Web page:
3 Ways to Transition From 2 Naps to 1 Nap – Find the Right Way For Your Toddler

three ways to transition your toddler from two naps to one nap

Toddlers transition from 2 naps to 1 nap around 15-18 months old, on average, and then will sleep 11-12 hours at night plus 2-3 hours during the day. This article will tell you how to transition from 2 naps to 1 nap based on my 15+ years as an infant and toddler sleep consultant.

When Do Toddlers Transition From 2 Naps to 1 Nap?

As I mentioned above, most toddlers will transition from 2 naps to 1 nap around 15-18 months old, on average. However, in my many years as a sleep consultant, I have found that some 13-14-month-olds are ready to transition. There are a few important details to pay attention to before you do the transition.

How Do You Know It’s Time to Transition to 1 Nap?

Although we have a detailed article with the signs to transition from 2 naps to 1 nap, here’s a brief summary:

  • It feels like you are “running out of daytime” for two naps. If nighttime sleep has dropped below 10 hours and you feel squeezed for time, it’s probably time to transition.
  • Your toddler has a split night, meaning they are awake and alert for 1-3 hours in the middle of the night.
  • If your toddler is skipping one of their naps four or more times a week, it might be time to transition to a 1-nap schedule.
  • Finally, if your toddler’s bedtime rivals your own or they can’t fall asleep until very late at night, it might be that their last wake window of the day has gotten too long for a 2-nap schedule.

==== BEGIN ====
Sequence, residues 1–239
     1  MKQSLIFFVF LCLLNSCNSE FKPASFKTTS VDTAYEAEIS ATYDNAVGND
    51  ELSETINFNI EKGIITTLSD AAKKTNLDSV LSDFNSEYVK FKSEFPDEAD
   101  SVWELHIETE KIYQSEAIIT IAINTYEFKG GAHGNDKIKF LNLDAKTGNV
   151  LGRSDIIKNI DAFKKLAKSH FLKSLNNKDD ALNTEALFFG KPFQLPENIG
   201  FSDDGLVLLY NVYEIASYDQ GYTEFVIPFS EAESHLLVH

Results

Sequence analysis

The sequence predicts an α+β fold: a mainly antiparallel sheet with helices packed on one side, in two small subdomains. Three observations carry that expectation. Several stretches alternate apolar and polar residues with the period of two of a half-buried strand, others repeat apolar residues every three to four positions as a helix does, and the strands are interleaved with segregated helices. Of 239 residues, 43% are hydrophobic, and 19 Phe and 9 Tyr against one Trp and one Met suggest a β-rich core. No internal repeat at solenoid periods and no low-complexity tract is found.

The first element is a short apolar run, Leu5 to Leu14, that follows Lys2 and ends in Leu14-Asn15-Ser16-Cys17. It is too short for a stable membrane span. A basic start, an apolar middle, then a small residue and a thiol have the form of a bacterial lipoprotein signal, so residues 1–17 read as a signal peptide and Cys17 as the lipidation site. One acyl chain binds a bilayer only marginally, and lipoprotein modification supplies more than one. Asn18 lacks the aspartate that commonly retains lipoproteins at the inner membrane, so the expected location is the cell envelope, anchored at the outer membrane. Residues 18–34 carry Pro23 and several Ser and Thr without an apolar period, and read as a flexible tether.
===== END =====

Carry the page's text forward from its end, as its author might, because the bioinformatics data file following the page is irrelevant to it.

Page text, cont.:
How to Transition From 2 Naps to 1 Nap: 3 Methods

There are multiple ways to transition naps and there isn’t a one-size-fits-all approach that’s right for every child. Even children within the same household might do it in different ways. Here are 3 ways you can do this important transition so you can get it right for your child:

Method 1: Squeeze the First Nap

If your toddler tolerates being woken up from a nap, you can try squeezing the first nap out so the second nap becomes their midday and only nap. To squeeze the first nap out, you start by gradually reducing the morning nap until it’s a catnap. Then encourage a 1-2-hour midday or afternoon nap. Here’s an example:

Example of Shortening the Morning Nap

Day 1: Morning Nap = 50 minutes, Afternoon Nap = 1 hour 30-50 minutes, Total = 2 hours 20-40 minutes

Day 2: Morning Nap = 45 minutes, Afternoon Nap = 1 hour 45 minutes to 2 hours, Total = 2 hours 30-45 minutes

Day 3: Morning Nap = 30 minutes, Afternoon Nap = 2+ hours, Total = 2 30 minutes to 3 hours

Eventually, you’ll stop offering the morning nap when you think your toddler is ready.

Good For:

  • Toddlers who tolerate being woken up from a nap
  • Toddlers who still have a shorter (3 to 3.5-hour morning wake window)
  • Toddlers who are skipping their afternoon nap but not ready for a 1-nap schedule


  • Your toddler may still skip their afternoon nap even with a short morning nap in which case you’d follow Method 3 below.
  • Your toddler might be overtired after a short morning nap and then take a short afternoon nap. Give it a few days before you reevaluate. They may simply need to adjust.

Method 2: Squeeze the Second Nap